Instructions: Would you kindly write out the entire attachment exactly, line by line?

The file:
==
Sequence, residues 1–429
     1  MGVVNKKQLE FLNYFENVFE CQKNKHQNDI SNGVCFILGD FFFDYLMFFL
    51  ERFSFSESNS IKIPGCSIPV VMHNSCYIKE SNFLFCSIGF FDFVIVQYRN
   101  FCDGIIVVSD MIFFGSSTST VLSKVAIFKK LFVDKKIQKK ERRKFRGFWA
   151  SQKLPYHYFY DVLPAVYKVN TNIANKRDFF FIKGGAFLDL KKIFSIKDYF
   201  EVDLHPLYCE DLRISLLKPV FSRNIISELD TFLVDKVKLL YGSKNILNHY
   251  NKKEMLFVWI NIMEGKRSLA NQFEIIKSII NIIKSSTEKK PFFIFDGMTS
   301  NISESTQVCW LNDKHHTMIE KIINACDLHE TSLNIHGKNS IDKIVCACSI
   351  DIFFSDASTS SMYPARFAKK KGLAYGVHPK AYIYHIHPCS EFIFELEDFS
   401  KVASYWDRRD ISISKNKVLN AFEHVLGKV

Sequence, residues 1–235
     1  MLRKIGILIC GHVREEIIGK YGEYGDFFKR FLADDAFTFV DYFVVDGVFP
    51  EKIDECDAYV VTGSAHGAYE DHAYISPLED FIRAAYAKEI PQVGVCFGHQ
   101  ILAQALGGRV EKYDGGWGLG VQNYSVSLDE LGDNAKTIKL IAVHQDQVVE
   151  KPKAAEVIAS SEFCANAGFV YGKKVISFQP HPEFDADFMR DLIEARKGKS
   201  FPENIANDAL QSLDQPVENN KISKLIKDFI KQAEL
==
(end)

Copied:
Sequence, residues 1–429
     1  MGVVNKKQLE FLNYFENVFE CQKNKHQNDI SNGVCFILGD FFFDYLMFFL
    51  ERFSFSESNS IKIPGCSIPV VMHNSCYIKE SNFLFCSIGF FDFVIVQYRN
   101  FCDGIIVVSD MIFFGSSTST VLSKVAIFKK LFVDKKIQKK ERRKFRGFWA
   151  SQKLPYHYFY DVLPAVYKVN TNIANKRDFF FIKGGAFLDL KKIFSIKDYF
   201  EVDLHPLYCE DLRISLLKPV FSRNIISELD TFLVDKVKLL YGSKNILNHY
   251  NKKEMLFVWI NIMEGKRSLA NQFEIIKSII NIIKSSTEKK PFFIFDGMTS
   301  NISESTQVCW LNDKHHTMIE KIINACDLHE TSLNIHGKNS IDKIVCACSI
   351  DIFFSDASTS SMYPARFAKK KGLAYGVHPK AYIYHIHPCS EFIFELEDFS
   401  KVASYWDRRD ISISKNKVLN AFEHVLGKV

Sequence, residues 1–235
     1  MLRKIGILIC GHVREEIIGK YGEYGDFFKR FLADDAFTFV DYFVVDGVFP
    51  EKIDECDAYV VTGSAHGAYE DHAYISPLED FIRAAYAKEI PQVGVCFGHQ
   101  ILAQALGGRV EKYDGGWGLG VQNYSVSLDE LGDNAKTIKL IAVHQDQVVE
   151  KPKAAEVIAS SEFCANAGFV YGKKVISFQP HPEFDADFMR DLIEARKGKS
   201  FPENIANDAL QSLDQPVENN KISKLIKDFI KQAEL